All writers and editors live in a constant state of frustration. Each and every blog, social media post, newspaper article, etc. are filled to the brim with incorrect grammatical phrases, punctuation errors, and badly written content that make us shake our collective heads. We usually grit our teeth and walk away, but today is not that day. My writer and editor friends will surely feel my pain, and I hope the rest of you get a kick out of the frustration that lives in the mind of a writer. Disclaimer: For you PETA-type people out there, don’t get your dander up. This post is not about dogs. If the subject was purple Chevys, I would have written the same thing.
I read the following letter on a forum a while back. As a writer, I’m agitated by the grammar. The more I look at it, the more I’m frustrated by the content. I copied and pasted it exactly as it appeared, and I have wasted my entire morning
ripping it to shreds writing a blog about it.
There is a dog running around my street that is severely malnourished, to the point that you can see every single bone in ther body, and they have other dogs in small pens in their backyard. I have gotten the one wondering in my back yard with a bowl of food and water. Where can I call that isn’t a high kill shelter? I believe the dog is considered an aggressive breed, but he is the sweetest thing ever.” – Anonymous Liker
While this letter is probably written by a good-deed doer, and I am all for rescuing neglected and abused animals, the post has many issues one simply cannot overlook. Grammar is the least of its problems.
“I have a community question, that needs to be anonymous.”
There’s no need for a comma in this sentence. Why would a question need to be anonymous? Oh, you meant the person asking the question wishes to remain anonymous. Oh.
“There is a dog running around my street that is severely malnourished, to the point that you can see every single bone in ther body, and they have other dogs in small pens in their backyard.”
Where does one even start? This is a run-on sentence with two topics – the dog and ‘they.’ “You can see every single bone” is an exaggeration. It is not possible to see every single bone unless you’ve dissected the dog, in which case we have another problem. We understand the dog is skinny, but this exaggeration leads us to believe that nothing else you’ve written here is completely true either. I’m going to ignore the “their” typo, but who is “they” in the last part of the sentence? I’m thinking you mean your neighbors? Wait! If you know this is your neighbor’s dog, why don’t you take him home? Hang on to that thought for a moment.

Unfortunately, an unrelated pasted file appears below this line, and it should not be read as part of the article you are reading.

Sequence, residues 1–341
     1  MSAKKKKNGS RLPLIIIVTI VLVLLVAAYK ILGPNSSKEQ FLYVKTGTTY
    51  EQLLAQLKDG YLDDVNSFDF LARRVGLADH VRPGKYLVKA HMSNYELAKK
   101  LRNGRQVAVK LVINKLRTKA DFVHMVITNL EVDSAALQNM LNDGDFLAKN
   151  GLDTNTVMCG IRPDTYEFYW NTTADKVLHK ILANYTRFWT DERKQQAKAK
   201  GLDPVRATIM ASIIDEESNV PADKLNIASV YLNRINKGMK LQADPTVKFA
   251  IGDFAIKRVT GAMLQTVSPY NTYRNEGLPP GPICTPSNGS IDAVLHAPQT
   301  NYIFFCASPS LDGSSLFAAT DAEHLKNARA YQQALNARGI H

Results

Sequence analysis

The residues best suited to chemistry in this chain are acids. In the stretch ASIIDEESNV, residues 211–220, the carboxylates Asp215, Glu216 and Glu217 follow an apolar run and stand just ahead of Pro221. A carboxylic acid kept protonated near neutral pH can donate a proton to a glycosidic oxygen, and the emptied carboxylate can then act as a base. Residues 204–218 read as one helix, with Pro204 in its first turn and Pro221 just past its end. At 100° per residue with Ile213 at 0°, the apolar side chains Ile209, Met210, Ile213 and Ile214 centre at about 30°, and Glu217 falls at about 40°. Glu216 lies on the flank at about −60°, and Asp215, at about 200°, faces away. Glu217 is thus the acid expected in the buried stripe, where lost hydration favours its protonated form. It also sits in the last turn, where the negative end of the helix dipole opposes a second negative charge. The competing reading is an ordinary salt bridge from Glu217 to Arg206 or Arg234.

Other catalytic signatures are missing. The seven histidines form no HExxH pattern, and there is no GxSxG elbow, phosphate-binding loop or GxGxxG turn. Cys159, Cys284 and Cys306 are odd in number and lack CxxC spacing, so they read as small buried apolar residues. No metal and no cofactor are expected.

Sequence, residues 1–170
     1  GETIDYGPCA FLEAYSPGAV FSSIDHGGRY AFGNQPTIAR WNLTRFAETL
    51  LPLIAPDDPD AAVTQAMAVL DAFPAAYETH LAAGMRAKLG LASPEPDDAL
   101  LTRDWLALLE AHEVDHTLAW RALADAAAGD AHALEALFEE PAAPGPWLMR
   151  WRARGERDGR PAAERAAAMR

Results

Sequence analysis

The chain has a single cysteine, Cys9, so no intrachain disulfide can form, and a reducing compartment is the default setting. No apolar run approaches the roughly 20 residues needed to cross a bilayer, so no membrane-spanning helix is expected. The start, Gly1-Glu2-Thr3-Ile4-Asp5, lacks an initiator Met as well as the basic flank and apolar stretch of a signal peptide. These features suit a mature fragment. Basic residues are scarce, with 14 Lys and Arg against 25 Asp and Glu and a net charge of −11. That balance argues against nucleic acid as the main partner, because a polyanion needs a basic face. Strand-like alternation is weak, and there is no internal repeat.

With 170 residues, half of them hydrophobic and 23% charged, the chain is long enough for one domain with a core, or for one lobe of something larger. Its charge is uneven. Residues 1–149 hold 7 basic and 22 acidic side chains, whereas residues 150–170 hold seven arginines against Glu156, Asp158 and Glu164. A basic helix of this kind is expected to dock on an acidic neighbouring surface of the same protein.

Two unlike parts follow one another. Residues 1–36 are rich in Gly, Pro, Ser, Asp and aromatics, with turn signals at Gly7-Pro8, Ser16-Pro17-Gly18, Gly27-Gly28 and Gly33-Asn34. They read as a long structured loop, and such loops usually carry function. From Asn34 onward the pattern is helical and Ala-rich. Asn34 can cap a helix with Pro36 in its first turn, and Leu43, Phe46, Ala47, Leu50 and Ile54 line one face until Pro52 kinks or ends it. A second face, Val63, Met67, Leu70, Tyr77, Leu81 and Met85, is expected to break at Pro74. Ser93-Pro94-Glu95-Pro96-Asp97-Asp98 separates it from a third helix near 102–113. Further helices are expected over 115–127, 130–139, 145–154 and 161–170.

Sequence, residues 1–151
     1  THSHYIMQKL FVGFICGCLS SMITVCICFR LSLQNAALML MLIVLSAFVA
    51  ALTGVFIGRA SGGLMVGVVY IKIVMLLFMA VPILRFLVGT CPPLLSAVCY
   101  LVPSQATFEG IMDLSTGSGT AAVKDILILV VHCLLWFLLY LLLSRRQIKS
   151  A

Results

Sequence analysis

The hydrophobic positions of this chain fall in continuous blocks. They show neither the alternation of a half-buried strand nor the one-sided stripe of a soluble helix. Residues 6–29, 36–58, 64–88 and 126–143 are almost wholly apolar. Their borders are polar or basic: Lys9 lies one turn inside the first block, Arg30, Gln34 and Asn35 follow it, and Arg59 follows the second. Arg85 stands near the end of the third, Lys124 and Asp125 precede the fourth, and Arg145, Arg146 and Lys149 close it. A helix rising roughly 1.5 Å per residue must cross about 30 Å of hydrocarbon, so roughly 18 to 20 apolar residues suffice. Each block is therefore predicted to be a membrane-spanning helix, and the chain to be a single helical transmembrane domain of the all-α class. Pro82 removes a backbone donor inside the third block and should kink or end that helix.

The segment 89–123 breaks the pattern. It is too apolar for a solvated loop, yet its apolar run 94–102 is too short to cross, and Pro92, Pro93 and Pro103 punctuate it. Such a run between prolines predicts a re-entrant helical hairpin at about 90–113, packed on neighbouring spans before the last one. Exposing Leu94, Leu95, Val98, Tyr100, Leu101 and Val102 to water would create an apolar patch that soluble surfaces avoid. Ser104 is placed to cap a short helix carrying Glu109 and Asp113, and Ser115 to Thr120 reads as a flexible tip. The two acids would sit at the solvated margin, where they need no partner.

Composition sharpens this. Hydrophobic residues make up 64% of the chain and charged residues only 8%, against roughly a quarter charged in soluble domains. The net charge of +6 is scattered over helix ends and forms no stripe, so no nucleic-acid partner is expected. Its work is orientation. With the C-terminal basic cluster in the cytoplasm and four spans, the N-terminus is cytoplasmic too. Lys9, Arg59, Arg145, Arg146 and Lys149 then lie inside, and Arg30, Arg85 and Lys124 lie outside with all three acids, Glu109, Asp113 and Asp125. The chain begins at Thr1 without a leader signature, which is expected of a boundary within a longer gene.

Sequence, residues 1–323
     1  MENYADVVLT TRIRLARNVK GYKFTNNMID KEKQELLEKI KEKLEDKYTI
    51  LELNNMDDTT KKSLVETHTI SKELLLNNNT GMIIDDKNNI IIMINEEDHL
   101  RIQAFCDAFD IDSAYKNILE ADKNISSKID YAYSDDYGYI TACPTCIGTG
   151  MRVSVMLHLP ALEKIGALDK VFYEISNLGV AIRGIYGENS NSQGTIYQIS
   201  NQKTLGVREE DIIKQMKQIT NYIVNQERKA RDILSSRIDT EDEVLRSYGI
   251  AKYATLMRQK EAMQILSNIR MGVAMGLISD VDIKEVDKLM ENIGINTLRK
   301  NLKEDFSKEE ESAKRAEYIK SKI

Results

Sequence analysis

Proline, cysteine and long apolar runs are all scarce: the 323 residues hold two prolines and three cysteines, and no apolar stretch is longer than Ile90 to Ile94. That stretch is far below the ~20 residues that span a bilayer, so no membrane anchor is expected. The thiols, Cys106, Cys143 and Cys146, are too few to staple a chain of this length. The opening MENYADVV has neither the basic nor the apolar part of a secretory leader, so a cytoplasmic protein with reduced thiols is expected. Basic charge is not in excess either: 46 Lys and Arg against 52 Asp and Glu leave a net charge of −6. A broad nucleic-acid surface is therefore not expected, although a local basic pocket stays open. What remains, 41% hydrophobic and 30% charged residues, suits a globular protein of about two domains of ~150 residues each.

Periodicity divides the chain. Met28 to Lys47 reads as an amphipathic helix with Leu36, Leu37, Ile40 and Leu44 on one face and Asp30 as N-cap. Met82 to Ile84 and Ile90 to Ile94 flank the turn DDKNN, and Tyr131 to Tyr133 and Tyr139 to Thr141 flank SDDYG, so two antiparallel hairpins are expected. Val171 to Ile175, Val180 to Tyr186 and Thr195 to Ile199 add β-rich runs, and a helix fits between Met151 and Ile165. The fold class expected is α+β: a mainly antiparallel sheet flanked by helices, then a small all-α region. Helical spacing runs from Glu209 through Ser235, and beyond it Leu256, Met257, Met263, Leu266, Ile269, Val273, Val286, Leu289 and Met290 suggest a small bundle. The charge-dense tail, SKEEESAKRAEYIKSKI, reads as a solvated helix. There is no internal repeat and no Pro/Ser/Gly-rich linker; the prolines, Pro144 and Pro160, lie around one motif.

I have gotten the one wondering in my back yard with a bowl of food and water.
Is this a different dog? Do you have THIS dog in your possession? This sentence has me wondering how you knew this dog was wondering. Was he sitting on your back porch in the pose of The Thinker? Oh, you meant wandering, as in roaming around. Why didn’t you say so? Was he carrying a bowl of food and water with him? (…which would probably be TWO bowls, but that’s neither here nor there.) Did you mean YOU had the bowl (singular) of food and water? I’m so confused.
(photo credit: Rodin’s Thinker, National Gallery of Art, exhibiting how I’m feeling at this moment.)
“Where can I call that isn’t a high kill shelter?”
I understand the question, really, I do, but I don’t understand how over thirty people responded to the original post with phone numbers and names of shelters, and not one person noticed that the writer had STOLEN her neighbor’s dog. The wish to remain anonymous now makes more sense.
I’ll mention the obvious here. This was posted on a forum, using the Internet, which has “The Google” as my elderly friend calls it. Just look up a number.
There should be a dash between high and kill as this two-word adjective (see what I did there?) is describing the shelter.
“I believe the dog is considered an aggressive breed, but he is the sweetest thing ever.”
Finally, a sentence written correctly, but after the exaggeration and the fact that you’ve stolen your neighbor’s dog, I’m not inclined to trust your judgment. I may want to imagine you sitting next to a malnourished Rottweiler, but what I envision is a busybody old lady with a dirty poodle on her lap.